Seriously, a lot of reporting is a waste of time because a lot of reporting is built based on fundamental misassumptions about the role of reporting and the nature of report consumers.


There are at least four different types of reporting common in the enterprise. The most important and least glamorous is operational reporting. Operational reports are for hands-one line-managers who need numbers every day or every week to run their function.


  • Who didn’t report for work last week.
  • What the schedule is for this week.
  • What’s low on inventory.
  • What new web errors are there.


The people appropriately getting operational reports ALWAYS consume them because they can’t do their job without them. They don’t need those reports to be beautiful or Tufte approved. They don’t need KPIs and gauges. They just need the numbers. Most operational reporting works just fine. On the other hand, a lot of people who don’t need operational reports get them. And for those people, operational reporting is a waste of time. The data is too continuous and too detailed for them. Few stakeholders have the time or energy to continuously root through operational reports to see if there’s anything in them they actually need to know.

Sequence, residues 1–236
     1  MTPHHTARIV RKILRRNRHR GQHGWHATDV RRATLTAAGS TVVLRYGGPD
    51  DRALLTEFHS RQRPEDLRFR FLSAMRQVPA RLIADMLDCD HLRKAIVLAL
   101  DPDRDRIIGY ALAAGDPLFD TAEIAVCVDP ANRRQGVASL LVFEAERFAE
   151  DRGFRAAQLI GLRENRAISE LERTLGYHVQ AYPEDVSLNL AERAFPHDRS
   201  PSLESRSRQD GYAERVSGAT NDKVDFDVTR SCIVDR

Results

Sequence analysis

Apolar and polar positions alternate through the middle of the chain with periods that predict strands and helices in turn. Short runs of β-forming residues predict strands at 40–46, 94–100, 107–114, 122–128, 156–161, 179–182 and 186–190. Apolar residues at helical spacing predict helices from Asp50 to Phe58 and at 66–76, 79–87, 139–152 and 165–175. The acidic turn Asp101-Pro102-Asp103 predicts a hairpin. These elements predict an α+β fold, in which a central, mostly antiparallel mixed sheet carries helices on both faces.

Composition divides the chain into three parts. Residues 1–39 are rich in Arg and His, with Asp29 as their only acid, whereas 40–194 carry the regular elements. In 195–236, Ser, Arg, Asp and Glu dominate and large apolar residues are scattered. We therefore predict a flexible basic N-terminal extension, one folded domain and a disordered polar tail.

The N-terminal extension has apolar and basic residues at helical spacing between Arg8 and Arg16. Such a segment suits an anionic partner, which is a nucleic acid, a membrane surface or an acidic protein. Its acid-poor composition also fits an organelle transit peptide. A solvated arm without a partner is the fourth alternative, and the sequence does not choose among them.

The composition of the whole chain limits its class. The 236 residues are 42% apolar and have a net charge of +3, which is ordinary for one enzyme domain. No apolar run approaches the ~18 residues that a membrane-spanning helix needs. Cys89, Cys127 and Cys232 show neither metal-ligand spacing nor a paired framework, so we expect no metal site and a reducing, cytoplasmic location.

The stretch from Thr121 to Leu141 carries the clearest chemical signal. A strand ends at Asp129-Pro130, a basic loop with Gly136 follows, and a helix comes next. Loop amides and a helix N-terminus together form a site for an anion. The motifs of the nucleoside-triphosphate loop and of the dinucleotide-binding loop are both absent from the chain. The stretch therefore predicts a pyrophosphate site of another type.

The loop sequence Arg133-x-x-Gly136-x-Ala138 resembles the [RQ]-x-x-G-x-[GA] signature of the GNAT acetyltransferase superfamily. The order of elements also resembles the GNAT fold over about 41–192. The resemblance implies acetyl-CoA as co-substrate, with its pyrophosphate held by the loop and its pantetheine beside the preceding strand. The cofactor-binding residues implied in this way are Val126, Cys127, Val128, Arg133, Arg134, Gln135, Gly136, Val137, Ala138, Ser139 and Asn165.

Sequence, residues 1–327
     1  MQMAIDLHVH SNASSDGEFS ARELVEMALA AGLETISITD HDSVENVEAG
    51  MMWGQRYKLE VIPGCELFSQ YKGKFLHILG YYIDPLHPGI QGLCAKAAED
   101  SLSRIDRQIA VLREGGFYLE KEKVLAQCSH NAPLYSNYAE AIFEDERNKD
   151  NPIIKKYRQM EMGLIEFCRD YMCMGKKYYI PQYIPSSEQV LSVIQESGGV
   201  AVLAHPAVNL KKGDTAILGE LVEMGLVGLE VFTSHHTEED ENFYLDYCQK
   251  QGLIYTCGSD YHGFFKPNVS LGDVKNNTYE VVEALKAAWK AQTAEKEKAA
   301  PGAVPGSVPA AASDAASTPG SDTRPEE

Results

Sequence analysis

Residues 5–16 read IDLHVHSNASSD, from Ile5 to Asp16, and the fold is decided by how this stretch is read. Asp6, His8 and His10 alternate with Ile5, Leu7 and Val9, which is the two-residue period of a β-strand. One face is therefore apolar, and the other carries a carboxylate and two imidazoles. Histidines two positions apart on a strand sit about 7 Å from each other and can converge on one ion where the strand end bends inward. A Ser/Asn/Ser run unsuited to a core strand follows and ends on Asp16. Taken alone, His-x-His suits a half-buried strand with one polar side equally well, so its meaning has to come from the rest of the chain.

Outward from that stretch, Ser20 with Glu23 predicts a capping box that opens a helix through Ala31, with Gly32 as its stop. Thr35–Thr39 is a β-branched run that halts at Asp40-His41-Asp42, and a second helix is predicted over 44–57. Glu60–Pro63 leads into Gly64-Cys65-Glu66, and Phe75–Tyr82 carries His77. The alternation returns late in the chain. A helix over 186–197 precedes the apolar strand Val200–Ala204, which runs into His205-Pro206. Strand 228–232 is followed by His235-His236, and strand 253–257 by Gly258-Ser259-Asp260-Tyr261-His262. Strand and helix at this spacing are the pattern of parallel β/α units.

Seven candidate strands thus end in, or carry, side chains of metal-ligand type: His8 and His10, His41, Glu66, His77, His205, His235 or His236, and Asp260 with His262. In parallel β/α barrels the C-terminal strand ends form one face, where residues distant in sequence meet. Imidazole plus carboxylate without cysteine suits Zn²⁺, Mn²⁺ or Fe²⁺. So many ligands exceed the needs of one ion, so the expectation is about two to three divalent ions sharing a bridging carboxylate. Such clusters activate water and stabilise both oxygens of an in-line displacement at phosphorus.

And this where a lot of reporting goes awry. Most people in an enterprise don’t need those numbers to manage their function. They just need to know when things go wrong. For those people, operational reports are painful burden. They are too bulky, too detailed and too regular to actually spend time reading. But because they contain data that occasionally signal problems, the people who get them are blamed when they didn’t notice a problem. We’ve all been in this boat. At sea in an ocean of reports that are usually useless but occasionally vital. The solution for this kind of user isn’t reporting at all. It’s alerting. Trying to build reports that highlight problems is a waste of time and energy. In few well-run enterprises are there enough problems to make that worthwhile. Just find a way to get clearly labeled alerts to people so that they only get them when something is really wrong.